Interestingly, when asked which groups the Liberal and Labor parties represent, the answers were pretty clear cut. 39% of people believe Labor primarily represents the working class, which is broadly in line with the number of Labor voters who self-identify as working class. But a mammoth 53% of people believe that the Liberal party represent the upper class. even though only 1% of their supporters put themselves in this group.
As the article concludes, even though the vast majority of Australians consider themselves middle-class, neither party in the Liberal-Labor duopoly is thought to represent middle-class Australians.
This infographic from McCrindle shows just how neatly older Australians – those who overwhelmingly vote LNP in other words – fit the bill.
Lining the pockets of those who least need it
With around $1.4 million in assets and a low enough household income to be eligible, this scheme looks set to further line the pockets of those who least need it. It won’t do anything for less well-off retirees who need improvements to make their homes safer or more accessible, or assistance in reducing their electricity bills – renovations that wouldn’t meet the government’s eligibility criteria. In fact, ‘sustainability’ is notably absent from the government’s requirement that any renovations must improve the ‘accessibility, safety, or livability’ of the home. And it certainly won’t do anything for younger Australians who lack the earning power required to borrow even more money than they already owe.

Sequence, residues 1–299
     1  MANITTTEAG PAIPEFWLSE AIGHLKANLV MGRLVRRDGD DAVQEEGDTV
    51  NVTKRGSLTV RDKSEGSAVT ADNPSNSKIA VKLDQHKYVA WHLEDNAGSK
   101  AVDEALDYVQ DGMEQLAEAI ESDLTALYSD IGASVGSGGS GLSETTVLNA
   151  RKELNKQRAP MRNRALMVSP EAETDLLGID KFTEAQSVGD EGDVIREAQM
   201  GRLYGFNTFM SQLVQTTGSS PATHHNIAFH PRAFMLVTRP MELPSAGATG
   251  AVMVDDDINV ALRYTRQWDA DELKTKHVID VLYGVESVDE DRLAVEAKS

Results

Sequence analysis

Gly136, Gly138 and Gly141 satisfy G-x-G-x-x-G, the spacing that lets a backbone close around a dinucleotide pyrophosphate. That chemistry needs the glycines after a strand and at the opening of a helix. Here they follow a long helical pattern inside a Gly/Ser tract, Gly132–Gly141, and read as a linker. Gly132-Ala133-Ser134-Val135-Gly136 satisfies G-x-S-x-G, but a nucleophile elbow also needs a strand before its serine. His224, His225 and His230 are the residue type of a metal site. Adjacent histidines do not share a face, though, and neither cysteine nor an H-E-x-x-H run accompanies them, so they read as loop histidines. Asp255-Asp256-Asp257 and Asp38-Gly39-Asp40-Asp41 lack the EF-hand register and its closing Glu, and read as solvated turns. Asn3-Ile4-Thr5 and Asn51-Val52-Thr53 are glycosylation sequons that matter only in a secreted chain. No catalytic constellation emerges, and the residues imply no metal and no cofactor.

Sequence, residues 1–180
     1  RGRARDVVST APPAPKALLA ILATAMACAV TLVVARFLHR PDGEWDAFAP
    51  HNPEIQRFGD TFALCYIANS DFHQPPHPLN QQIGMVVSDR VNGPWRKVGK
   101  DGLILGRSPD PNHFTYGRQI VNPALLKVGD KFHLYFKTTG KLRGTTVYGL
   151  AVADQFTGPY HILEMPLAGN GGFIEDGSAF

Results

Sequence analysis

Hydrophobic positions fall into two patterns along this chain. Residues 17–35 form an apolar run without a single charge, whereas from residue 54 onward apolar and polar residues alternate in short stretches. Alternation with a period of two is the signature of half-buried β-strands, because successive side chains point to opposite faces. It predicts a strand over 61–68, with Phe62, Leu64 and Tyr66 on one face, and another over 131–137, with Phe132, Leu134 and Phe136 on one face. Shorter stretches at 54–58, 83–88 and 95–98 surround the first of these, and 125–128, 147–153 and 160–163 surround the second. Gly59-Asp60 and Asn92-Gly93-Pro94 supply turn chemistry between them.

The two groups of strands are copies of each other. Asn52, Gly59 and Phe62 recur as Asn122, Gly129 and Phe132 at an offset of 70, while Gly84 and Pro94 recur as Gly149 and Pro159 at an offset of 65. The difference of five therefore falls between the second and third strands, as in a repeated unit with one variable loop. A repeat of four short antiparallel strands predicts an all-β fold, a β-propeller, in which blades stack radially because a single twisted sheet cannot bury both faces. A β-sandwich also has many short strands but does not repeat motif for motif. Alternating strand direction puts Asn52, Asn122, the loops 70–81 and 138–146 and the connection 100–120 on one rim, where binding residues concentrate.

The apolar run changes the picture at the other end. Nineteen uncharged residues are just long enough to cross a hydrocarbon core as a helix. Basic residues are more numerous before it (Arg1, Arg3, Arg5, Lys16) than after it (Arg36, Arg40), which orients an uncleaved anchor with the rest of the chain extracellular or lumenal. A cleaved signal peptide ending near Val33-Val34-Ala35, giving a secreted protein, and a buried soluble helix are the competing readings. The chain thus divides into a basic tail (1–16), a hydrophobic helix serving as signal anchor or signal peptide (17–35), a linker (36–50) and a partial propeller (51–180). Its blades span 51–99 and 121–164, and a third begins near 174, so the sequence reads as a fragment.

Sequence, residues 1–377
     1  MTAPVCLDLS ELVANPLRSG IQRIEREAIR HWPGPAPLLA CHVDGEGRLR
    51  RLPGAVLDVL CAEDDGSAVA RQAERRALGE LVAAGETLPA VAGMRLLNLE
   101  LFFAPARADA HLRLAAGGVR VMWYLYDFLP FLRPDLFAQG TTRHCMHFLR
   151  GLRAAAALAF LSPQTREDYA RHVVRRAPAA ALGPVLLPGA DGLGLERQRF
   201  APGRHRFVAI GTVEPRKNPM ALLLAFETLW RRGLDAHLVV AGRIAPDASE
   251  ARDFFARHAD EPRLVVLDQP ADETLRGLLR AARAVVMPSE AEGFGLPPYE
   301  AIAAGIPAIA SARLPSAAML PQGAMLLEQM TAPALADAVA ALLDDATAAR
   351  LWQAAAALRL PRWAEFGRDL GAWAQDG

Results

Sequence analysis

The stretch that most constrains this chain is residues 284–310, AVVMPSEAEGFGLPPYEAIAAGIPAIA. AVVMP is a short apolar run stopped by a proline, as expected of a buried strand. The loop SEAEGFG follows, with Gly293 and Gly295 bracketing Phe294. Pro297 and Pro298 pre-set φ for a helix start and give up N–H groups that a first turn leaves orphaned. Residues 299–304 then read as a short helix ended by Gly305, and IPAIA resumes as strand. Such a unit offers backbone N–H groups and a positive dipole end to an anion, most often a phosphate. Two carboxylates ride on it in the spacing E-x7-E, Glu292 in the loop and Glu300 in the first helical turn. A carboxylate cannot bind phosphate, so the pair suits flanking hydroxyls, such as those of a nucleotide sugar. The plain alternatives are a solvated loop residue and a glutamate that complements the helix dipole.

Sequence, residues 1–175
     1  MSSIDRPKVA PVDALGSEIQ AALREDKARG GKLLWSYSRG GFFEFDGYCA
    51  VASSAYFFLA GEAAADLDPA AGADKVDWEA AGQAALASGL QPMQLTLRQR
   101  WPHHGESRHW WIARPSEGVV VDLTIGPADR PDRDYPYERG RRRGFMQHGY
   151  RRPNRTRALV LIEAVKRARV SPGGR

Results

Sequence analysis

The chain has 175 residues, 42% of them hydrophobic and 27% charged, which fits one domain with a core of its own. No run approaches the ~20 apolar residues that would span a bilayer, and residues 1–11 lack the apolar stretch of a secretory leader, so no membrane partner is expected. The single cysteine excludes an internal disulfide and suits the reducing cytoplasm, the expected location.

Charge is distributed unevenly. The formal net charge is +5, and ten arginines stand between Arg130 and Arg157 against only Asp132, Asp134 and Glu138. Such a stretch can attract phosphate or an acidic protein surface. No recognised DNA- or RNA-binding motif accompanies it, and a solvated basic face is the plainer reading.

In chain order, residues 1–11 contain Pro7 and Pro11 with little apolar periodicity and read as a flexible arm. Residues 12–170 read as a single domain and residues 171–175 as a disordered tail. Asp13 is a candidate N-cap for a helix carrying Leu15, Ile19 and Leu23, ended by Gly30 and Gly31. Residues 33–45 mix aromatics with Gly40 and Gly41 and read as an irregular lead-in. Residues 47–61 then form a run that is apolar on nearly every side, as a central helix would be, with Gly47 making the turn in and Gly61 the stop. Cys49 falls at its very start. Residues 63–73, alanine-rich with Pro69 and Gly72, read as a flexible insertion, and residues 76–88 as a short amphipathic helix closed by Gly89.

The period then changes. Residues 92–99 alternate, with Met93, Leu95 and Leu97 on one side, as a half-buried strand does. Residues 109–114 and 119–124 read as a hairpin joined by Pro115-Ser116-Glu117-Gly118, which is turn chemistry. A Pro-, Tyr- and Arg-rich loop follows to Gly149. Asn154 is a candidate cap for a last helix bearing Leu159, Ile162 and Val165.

In fact, the only younger Australians who will receive payouts through this scheme will likely be those who can borrow money from family to build, or who have abnormally high incomes and meet banks’ eligibility criteria. Yet, as research from the RBA shoes, high levels of debt creates more cautious consumers. If the goal is to stimulate the economy, then why would we encourage more young people to get into debt?
I believe the answer is that this scheme isn’t intended for young people any more than it is for middle-aged, middle-income people, or for older less well-off people. It’s intended to secure votes from the LNP’s base.
After all, it wouldn’t be the first time in recent memory they designed a handout for those most likely to vote for them.
Or the second time.
Or the third.